no third solution

Blogging about liberty, anarchy, economics and politics

How Do Taxes Destroy Productivity?

November 5th, 2008

Mark Cuban continually asserts that taxes have no effect on entrepreneurship, essentially spitting in the face of just about every economist from every school of economic thought, who has ever lived. Also, by framing it as a “taxes dont’ matter” argument, Cuban has conveniently avoided the real problem: taxation is theft, plain and simple.

While I prefer lower taxes, I can tell you that no entrepreneur or CEO worth a damn in this country gives up or works less because of a change in tax policy. .

There is an outside possibility that ├╝bermenschen CEOs and entrepreneurs aren’t affected by tax policy. I doubt it, but it’s not worth arguing that point. Since the world is not made up of capitalist-entrepreneurs, or CEO’s worth-a-damn, we can’t look solely at a handful of already rich sons-of-bitches who don’t lose their job when the economic SHTF, we need to look at the countless others who are affected by tax policy.

A real life example, you ask?

Government can’t create jobs, but it sure as hell can destroy them.

The imposition of a luxury tax on yachts all but destroyed the centuries-old shipbuilding industry in New Jersey. Making matters worse for the government, tax revenues diminished, because the feds were dumb enough to assume a perfectly inelastic demand for luxury yachts.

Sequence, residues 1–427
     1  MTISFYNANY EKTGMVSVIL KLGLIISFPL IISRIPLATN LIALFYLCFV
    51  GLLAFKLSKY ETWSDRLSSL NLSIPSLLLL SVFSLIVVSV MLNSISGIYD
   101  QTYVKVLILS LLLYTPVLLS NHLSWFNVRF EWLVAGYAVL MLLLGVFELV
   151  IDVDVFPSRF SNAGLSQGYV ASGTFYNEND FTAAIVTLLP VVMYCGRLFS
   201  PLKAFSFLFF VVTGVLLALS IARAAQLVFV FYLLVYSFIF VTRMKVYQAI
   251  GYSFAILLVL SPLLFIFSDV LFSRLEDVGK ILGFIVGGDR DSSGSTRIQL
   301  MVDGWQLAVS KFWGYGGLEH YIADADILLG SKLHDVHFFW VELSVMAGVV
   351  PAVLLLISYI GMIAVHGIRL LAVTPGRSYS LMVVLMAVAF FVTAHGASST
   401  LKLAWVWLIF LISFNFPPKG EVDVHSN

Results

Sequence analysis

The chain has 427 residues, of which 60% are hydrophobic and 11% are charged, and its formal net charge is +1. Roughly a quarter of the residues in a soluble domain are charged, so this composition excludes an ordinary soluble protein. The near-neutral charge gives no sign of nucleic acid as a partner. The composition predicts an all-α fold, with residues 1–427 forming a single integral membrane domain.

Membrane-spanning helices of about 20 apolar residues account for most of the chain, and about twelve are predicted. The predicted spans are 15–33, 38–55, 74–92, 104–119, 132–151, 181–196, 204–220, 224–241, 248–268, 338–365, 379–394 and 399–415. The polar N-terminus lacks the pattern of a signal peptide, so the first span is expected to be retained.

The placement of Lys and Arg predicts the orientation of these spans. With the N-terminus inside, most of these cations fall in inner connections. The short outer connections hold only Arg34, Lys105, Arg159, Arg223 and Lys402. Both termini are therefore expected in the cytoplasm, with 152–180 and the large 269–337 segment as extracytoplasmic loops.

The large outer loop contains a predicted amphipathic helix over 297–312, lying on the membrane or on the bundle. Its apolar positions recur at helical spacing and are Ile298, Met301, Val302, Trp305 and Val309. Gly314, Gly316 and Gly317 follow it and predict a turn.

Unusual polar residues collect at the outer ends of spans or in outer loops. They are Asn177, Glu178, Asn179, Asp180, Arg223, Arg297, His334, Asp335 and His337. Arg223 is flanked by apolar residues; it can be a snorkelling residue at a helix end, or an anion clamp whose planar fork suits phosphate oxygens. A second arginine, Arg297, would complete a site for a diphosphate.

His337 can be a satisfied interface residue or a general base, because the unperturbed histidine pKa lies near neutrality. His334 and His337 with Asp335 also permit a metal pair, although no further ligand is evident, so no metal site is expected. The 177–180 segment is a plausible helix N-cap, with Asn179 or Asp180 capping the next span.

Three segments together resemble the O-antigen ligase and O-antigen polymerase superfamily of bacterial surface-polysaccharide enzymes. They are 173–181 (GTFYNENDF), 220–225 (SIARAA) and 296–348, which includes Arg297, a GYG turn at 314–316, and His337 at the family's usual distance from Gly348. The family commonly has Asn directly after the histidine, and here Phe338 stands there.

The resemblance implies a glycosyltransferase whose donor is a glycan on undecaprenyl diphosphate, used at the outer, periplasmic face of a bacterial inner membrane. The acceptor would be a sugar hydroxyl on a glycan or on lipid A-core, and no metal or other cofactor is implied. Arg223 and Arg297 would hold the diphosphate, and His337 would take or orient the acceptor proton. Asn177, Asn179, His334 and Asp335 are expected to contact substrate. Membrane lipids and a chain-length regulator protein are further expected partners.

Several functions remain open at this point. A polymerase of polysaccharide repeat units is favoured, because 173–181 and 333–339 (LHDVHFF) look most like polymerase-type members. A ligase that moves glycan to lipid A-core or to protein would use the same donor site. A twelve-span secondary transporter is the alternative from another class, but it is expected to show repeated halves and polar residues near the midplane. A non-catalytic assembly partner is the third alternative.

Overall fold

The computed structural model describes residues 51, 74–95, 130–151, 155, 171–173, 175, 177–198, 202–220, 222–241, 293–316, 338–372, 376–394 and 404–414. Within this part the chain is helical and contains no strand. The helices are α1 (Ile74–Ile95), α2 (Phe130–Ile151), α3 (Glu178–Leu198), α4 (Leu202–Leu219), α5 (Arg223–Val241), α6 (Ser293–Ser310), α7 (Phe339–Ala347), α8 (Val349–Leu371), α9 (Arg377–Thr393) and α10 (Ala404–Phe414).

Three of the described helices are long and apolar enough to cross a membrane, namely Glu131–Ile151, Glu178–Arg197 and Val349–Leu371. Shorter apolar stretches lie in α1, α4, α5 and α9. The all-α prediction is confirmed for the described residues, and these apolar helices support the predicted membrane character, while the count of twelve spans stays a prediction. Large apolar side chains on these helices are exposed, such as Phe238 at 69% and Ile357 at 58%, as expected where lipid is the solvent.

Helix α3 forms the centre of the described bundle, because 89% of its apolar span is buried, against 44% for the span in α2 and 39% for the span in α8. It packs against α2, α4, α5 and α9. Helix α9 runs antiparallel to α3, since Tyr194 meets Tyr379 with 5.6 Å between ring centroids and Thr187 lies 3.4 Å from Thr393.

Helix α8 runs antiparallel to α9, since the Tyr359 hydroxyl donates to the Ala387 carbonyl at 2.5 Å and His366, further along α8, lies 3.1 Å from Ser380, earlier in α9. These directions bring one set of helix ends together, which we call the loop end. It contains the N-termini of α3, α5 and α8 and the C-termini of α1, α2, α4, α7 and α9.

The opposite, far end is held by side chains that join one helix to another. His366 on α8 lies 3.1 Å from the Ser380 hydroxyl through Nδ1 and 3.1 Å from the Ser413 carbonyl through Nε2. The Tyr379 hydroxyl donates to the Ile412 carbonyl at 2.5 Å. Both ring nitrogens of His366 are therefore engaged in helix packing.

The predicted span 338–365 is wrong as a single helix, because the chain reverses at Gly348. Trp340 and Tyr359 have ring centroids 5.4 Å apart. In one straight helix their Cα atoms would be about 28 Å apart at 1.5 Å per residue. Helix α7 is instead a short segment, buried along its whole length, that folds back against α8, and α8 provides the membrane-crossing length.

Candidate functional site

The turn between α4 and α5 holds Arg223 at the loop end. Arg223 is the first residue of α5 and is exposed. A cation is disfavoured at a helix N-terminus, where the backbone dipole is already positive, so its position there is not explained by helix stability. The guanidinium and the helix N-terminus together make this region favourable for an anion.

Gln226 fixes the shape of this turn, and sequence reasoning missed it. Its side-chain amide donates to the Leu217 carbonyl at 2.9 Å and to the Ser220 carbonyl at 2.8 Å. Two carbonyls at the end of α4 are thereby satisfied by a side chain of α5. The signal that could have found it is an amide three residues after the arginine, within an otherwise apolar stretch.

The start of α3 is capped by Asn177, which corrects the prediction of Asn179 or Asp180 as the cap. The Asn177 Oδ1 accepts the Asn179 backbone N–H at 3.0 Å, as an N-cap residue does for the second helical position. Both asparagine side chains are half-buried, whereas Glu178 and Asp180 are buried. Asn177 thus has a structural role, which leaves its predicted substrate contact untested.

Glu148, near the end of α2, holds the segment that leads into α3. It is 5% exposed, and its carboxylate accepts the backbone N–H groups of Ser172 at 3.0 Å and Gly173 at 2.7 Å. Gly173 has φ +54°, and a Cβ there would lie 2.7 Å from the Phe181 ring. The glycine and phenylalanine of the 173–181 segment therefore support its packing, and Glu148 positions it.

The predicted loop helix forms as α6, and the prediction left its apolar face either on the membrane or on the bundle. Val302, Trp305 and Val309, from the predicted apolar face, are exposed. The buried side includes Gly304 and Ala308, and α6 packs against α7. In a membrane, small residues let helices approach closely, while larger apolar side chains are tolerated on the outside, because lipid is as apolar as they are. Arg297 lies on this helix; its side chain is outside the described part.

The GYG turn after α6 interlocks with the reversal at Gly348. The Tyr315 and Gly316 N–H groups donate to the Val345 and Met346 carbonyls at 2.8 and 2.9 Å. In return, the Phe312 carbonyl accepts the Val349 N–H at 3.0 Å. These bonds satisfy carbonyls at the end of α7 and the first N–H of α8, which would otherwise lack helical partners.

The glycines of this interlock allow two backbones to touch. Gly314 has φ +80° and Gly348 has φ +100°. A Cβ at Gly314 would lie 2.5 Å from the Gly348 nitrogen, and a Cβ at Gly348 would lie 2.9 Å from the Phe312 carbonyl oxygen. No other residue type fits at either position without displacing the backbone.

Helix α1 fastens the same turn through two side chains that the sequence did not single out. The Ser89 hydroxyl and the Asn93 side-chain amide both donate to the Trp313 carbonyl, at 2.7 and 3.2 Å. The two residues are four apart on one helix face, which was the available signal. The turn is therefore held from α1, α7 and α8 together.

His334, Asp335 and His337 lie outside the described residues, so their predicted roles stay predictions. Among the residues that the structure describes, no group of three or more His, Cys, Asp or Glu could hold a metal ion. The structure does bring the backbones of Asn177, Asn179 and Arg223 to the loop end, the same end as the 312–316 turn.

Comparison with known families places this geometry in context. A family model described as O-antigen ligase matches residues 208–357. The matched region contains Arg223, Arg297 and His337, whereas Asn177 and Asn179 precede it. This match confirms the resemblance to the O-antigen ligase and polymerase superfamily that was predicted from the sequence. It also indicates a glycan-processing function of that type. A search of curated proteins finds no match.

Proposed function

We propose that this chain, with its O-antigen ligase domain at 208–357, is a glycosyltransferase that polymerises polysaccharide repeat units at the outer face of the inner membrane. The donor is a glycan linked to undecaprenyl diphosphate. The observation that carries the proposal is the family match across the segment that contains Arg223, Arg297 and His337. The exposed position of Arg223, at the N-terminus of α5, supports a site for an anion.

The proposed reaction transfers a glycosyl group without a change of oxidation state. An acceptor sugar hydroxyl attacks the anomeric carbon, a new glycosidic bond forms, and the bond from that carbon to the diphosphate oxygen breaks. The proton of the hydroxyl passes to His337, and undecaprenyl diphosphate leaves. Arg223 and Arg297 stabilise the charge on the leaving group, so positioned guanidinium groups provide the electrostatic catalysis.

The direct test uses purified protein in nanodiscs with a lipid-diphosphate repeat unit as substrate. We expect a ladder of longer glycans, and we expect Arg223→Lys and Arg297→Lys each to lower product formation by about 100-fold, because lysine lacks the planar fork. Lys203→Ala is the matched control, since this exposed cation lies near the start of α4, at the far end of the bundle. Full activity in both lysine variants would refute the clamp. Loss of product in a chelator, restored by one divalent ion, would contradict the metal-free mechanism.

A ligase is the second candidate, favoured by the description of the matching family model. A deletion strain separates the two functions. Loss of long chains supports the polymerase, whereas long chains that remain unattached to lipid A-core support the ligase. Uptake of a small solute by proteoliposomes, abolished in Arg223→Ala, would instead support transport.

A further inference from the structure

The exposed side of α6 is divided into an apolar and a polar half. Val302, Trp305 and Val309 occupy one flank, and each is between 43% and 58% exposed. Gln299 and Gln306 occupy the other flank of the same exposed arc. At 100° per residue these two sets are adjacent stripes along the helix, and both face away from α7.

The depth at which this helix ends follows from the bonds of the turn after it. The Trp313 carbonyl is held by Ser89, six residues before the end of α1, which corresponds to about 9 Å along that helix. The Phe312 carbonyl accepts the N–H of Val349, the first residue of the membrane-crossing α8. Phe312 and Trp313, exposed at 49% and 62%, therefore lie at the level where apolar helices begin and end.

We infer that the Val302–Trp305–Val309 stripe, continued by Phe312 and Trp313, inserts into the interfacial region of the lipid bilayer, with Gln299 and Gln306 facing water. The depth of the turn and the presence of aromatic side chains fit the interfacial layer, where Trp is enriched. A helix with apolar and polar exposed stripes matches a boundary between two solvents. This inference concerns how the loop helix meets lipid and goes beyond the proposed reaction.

And the vig in this case was only about an additional 10%.

Ocean Yachts in Weekstown trimmed its workforce from 350 to 50. Egg Harbor Yachts entered Chapter Eleven bankruptcy, going from 200 employees to five. Viking Yachts dropped from 1,400 to 300 employees. According to a Congressional Joint Economic Committee Study, the boat industry nationwide lost 7,600 employees within one year.

The CEO’s of most of those New Jersey shipbuilders probably kept their jobs. They kept working hard.

But tax policy decimated the industry, and put thousands of others out of work.

The bottom line is that although taxes may not impact how any particular individual works, it simply is not debatable that taxes impact which individuals will be working at any given time.

no third solution

Blogging about liberty, anarchy, economics and politics